They earn more, their biggest assets are sheltered from tax, and they already got their way on Brexit.
Can we please stop the hand outs to pensioners?
OK, I realise this makes me sound a bit like one of King Lear’s daughters. For the benefit of doubt, I’m not suggesting we turf the elderly out of nursing homes and redivert the savings into Millennial Fun Funds. I’m talking about Labour’s new policy.
Labour has unveiled a “pensioner’s pledge” that includes a commitment to the triple lock on pensions (more about that later), compensation for women affected by state pension age changes and the winter fuel allowance.
I admit that, by targeting those most likely to vote, the opposition party is finally doing something politically canny. But it makes Philip Hammond, seem intergenerationally progressive. At least the Tory Chancellor has floated the idea that the triple lock might be a little unfair on the younger, poorer taxpayers.
Pensioner poverty used to be a scandal. For those unable to work who are reliant on the state pension, and unlucky enough to be in private renting, it still is. But those retirees are in a minority. Today’s typical pensioner households are now £20 a week better off than typical working age households, according to the Resolution Foundation, once housing costs are taken into account. They are also increasingly fit, healthy and in work (for some truly stupendously fit pensioners, see my colleague Xan’s feature on octogenarian mountain climbers). Rupert Murdoch is 86. Paul Dacre is 68. Donald Trump, if he lived in London, could get a free bus pass.
In 1981, pensioners were less likely to own their own homes than younger generations. In 2011-12, they were among the most likely. More than seven in ten over 65s were homeowners, compared to just four in ten aged 25 to 34.
And well done to them. I’m not one to begrudge a well-timed birth, nor an individual’s decision to take advantage of the right to buy scheme (even if I think the policy overall is a disaster). What grates is the fact that at the same time the government preserves resources for pensioners, working-age benefits are for the chop.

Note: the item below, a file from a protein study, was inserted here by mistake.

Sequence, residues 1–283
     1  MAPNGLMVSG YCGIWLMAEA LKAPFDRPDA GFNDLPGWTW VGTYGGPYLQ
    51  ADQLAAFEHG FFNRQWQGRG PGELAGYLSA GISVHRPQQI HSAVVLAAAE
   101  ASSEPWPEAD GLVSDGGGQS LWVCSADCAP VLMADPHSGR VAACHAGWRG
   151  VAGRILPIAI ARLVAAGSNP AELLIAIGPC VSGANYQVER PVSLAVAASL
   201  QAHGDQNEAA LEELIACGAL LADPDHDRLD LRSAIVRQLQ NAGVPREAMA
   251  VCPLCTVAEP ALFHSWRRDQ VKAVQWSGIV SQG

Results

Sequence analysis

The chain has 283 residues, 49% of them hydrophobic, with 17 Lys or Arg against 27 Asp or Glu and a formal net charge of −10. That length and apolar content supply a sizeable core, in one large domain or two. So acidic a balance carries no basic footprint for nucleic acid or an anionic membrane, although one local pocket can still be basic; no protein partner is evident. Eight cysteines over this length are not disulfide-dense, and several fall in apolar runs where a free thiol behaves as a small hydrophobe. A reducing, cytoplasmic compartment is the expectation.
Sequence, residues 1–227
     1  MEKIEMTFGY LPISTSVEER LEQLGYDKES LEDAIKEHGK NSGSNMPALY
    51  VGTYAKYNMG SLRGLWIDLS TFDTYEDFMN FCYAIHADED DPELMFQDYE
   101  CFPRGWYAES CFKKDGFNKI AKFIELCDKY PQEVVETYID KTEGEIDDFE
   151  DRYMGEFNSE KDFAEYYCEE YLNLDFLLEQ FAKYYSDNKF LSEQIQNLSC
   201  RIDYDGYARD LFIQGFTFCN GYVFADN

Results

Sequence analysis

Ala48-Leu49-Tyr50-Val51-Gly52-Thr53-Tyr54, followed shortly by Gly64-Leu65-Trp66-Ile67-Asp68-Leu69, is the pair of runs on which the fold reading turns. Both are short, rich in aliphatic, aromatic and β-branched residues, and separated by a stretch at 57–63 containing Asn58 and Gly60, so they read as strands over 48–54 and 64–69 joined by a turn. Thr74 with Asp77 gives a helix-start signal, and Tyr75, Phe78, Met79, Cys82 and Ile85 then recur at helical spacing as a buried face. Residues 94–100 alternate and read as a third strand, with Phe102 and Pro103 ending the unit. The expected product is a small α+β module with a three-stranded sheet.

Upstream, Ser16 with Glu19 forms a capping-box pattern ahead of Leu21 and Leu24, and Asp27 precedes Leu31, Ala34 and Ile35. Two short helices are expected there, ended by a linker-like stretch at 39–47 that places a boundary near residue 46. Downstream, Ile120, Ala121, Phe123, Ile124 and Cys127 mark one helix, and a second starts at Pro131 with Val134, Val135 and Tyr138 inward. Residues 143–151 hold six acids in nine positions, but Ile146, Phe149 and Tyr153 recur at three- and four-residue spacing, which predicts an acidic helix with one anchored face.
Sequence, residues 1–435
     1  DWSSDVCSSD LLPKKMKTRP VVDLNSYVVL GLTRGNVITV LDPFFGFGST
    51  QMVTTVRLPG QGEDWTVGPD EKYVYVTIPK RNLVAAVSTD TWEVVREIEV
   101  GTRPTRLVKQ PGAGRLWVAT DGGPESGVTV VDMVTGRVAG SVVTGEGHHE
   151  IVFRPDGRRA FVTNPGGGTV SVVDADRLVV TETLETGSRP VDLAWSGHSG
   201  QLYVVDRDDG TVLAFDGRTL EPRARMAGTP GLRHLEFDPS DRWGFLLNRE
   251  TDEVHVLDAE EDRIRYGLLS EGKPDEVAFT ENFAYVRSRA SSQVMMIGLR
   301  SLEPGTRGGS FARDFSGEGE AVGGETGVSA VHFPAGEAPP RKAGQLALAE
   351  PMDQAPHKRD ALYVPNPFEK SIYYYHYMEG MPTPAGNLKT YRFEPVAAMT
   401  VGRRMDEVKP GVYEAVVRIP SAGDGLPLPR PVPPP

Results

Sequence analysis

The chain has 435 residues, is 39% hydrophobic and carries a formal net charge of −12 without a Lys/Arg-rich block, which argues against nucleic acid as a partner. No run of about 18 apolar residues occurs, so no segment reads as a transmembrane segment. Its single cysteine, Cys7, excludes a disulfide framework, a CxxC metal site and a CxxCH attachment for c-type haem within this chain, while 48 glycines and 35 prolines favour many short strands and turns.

The triple lock is a perfect example of this. Since 2010, the government has kept to a pledge to raise the state pension by 2.5 per cent, the rate of inflation, or average earnings, whichever is highest.
Meanwhile, the government has imposed a freeze on working age benefits. The Institute for Fiscal Studies predicts that, if inflation rises as expected, the value of frozen benefits will fall by 6 per cent by the end of the decade. The Resolution Foundation predicts the poorest households will see their income drop by as much as 15 per cent.
As for housing policy, the latest government has finally woken up to the scale of the crisis for younger generations, but so far no politician has dared do more than tinker round the edges of property taxes. The average landlord is 55 or older.
Nor can younger workers of today expect the same level of retirement support as pensioners do today. A government-commissioned review on pensions has backed moving the state pension age to 68. Throw in the fact that workplace pensions have become stingier, and Royal London estimates a 22 year old will have to work to 77 to enjoy the kind of retirement their grandparents have today.
Some pensioners will always need extra financial support from the state to live a comfortable life. Perhaps they are unable to work because of illness or disability. Perhaps their partner, the main breadwinner, died. But this happens to working-age people too – and they’re losing that support. We need a fairer welfare state. Expanding the triple lock to include all generations would be a good way to start it.